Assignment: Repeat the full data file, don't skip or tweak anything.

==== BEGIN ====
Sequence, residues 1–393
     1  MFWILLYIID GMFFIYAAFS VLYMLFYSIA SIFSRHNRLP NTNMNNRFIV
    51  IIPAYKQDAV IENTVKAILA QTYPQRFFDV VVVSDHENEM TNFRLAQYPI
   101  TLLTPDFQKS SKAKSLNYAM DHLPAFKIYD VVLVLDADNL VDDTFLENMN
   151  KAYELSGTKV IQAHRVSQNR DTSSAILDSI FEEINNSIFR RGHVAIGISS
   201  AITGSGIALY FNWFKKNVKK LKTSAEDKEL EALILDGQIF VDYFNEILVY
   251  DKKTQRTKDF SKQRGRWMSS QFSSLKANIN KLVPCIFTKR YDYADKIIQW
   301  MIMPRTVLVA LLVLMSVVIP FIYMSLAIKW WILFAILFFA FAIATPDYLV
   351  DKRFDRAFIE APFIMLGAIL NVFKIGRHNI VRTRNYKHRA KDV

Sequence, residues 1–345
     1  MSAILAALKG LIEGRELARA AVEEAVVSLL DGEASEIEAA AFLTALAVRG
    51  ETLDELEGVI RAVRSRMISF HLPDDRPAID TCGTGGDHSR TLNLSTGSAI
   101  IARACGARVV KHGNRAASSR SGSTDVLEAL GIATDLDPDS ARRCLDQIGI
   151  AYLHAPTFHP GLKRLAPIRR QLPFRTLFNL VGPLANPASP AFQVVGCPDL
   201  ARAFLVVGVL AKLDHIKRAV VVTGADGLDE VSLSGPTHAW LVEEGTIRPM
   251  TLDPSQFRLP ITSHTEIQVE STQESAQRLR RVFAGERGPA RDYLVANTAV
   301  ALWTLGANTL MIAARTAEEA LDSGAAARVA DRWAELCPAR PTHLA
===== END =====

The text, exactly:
Sequence, residues 1–393
     1  MFWILLYIID GMFFIYAAFS VLYMLFYSIA SIFSRHNRLP NTNMNNRFIV
    51  IIPAYKQDAV IENTVKAILA QTYPQRFFDV VVVSDHENEM TNFRLAQYPI
   101  TLLTPDFQKS SKAKSLNYAM DHLPAFKIYD VVLVLDADNL VDDTFLENMN
   151  KAYELSGTKV IQAHRVSQNR DTSSAILDSI FEEINNSIFR RGHVAIGISS
   201  AITGSGIALY FNWFKKNVKK LKTSAEDKEL EALILDGQIF VDYFNEILVY
   251  DKKTQRTKDF SKQRGRWMSS QFSSLKANIN KLVPCIFTKR YDYADKIIQW
   301  MIMPRTVLVA LLVLMSVVIP FIYMSLAIKW WILFAILFFA FAIATPDYLV
   351  DKRFDRAFIE APFIMLGAIL NVFKIGRHNI VRTRNYKHRA KDV

Sequence, residues 1–345
     1  MSAILAALKG LIEGRELARA AVEEAVVSLL DGEASEIEAA AFLTALAVRG
    51  ETLDELEGVI RAVRSRMISF HLPDDRPAID TCGTGGDHSR TLNLSTGSAI
   101  IARACGARVV KHGNRAASSR SGSTDVLEAL GIATDLDPDS ARRCLDQIGI
   151  AYLHAPTFHP GLKRLAPIRR QLPFRTLFNL VGPLANPASP AFQVVGCPDL
   201  ARAFLVVGVL AKLDHIKRAV VVTGADGLDE VSLSGPTHAW LVEEGTIRPM
   251  TLDPSQFRLP ITSHTEIQVE STQESAQRLR RVFAGERGPA RDYLVANTAV
   301  ALWTLGANTL MIAARTAEEA LDSGAAARVA DRWAELCPAR PTHLA